The Saturday race is much closer. Ken Baca and Dan Clark are tied for first with 11 points each. Warren Meehan is alone in third place with ten points followed by Fred Baldwin with nine points. Jim Cox and Stephen Jordan are next with eight points each.
Letters to Arnie
I accidentally hit my ball with my putter while standing next to the green. The ball moved but did not roll at all. I thought that I should get a one-stroke penalty for striking my ball. However, one of the other players in my foursome said that it was not a penalty if the ball didn’t move. I took a one-stroke penalty to be sure that I did not turn in a lower score than I deserved. Nailin’ Knial (pronounced Nile)
If a ball only wobbles (sometimes referred to as oscillating) and stays on or returns to its original spot, the ball has not moved. Therefore, if a player did not deliberately touch
the ball with the club and the ball only wobbles but does not come to rest on a different spot after being accidentally bumped, the player would get no penalty. However, if you lift or deliberately touch your ball at rest or cause it to move, you get one penalty stroke (USGA Rule 9.4b). There are four exceptions when you get no penalty for doing so; when you are allowed to lift or move a ball (perhaps to identify your ball), accidental movement before the ball is found, accidental movement on the putting green, and accidental movement not on a putting green while applying a rule. Your decision to take a penalty stroke is admirable. As we know, golf is a sport where you are your own referee. However, your decision also makes it clear that one needs to be fully familiar with the rules of golf so that you do not needlessly penalize yourself.
Recently, I hit a ball into a red staked penalty area. I found the ball after a short search and dropped the ball at the nearest point of relief and took a one stroke penalty. One of the other players in my foursome thought I made an improper drop. Did I make a proper drop? Wild Willie
You did not take a proper drop from a penalty area. You have four options when your ball enters a red-staked penalty area; 1) take the stroke-and distance penalty and re-hit from the previous spot, 2) take the back-on-the-line relief by dropping your ball on a line from the pin to the point entry and no closer to the hole for one penalty stroke, 3) take lateral relief two club-lengths from the point of entry and no closer to the hole for one penalty stroke, and 4) play the ball where it lies (USGA Rule 17.2). It is important to note, that the ball does not need to be found. A player only needs to be reasonably sure that the ball came to rest in the penalty area. Also, a player may not take relief in the penalty area.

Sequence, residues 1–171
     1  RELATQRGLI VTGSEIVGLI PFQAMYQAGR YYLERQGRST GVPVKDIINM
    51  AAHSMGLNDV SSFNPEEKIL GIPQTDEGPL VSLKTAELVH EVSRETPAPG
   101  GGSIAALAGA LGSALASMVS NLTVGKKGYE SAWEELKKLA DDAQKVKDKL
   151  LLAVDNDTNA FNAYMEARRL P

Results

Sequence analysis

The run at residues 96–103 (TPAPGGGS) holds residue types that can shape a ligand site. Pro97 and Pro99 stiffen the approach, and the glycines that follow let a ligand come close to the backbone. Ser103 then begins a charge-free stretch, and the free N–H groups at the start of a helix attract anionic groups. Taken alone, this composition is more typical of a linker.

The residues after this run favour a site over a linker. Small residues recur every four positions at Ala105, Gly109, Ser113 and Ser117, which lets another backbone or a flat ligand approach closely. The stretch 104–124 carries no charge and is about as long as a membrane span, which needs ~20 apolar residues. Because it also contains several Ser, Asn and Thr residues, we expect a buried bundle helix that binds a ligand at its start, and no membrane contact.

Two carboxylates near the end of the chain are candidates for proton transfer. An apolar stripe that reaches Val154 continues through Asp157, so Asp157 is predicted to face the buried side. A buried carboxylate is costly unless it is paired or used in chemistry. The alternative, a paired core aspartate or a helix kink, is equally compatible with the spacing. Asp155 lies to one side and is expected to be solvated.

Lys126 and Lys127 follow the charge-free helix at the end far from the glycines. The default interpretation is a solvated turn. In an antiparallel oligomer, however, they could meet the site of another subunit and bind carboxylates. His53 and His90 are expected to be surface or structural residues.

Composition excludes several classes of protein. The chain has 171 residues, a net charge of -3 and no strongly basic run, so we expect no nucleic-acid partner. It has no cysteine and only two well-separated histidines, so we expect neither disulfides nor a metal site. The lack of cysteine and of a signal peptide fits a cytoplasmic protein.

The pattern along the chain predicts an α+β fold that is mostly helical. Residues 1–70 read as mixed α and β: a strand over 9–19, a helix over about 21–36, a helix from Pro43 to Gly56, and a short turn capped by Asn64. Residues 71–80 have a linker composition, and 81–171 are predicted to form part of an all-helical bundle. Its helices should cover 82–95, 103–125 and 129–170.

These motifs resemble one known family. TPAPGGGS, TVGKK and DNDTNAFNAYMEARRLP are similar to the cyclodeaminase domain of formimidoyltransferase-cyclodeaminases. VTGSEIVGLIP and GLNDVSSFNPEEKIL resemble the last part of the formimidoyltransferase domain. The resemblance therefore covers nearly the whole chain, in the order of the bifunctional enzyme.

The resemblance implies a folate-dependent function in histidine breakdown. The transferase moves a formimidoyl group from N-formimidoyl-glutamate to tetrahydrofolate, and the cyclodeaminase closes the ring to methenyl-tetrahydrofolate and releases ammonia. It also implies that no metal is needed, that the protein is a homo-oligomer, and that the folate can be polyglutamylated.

You clearly did not drop the ball per the above rule and should have taken two penalty strokes. Failure to do so should have resulted in disqualification from the tournament because your scorecard was incorrect. As far as using the nearest point of relief, you may be thinking of when a player can take free relief. USGA Rule 16.1 covers free relief that is allowed from interference by abnormal course conditions. Interference exists when any one of these is true; 1) your ball touches or is in or on an abnormal course condition, 2) an abnormal condition physically interferes with your area of intended stance or area of intended swing, or 3) only when your ball is on the putting green, an abnormal course condition on or off the putting green intervenes on your intended line of play. There is no free relief from an abnormal course condition when the ball comes to rest out-of-bounds or in a penalty area. Examples of abnormal course conditions – animal holes (including surrounding dirt piles), marked ground under repair, temporary water (including water that is over the penalty area line)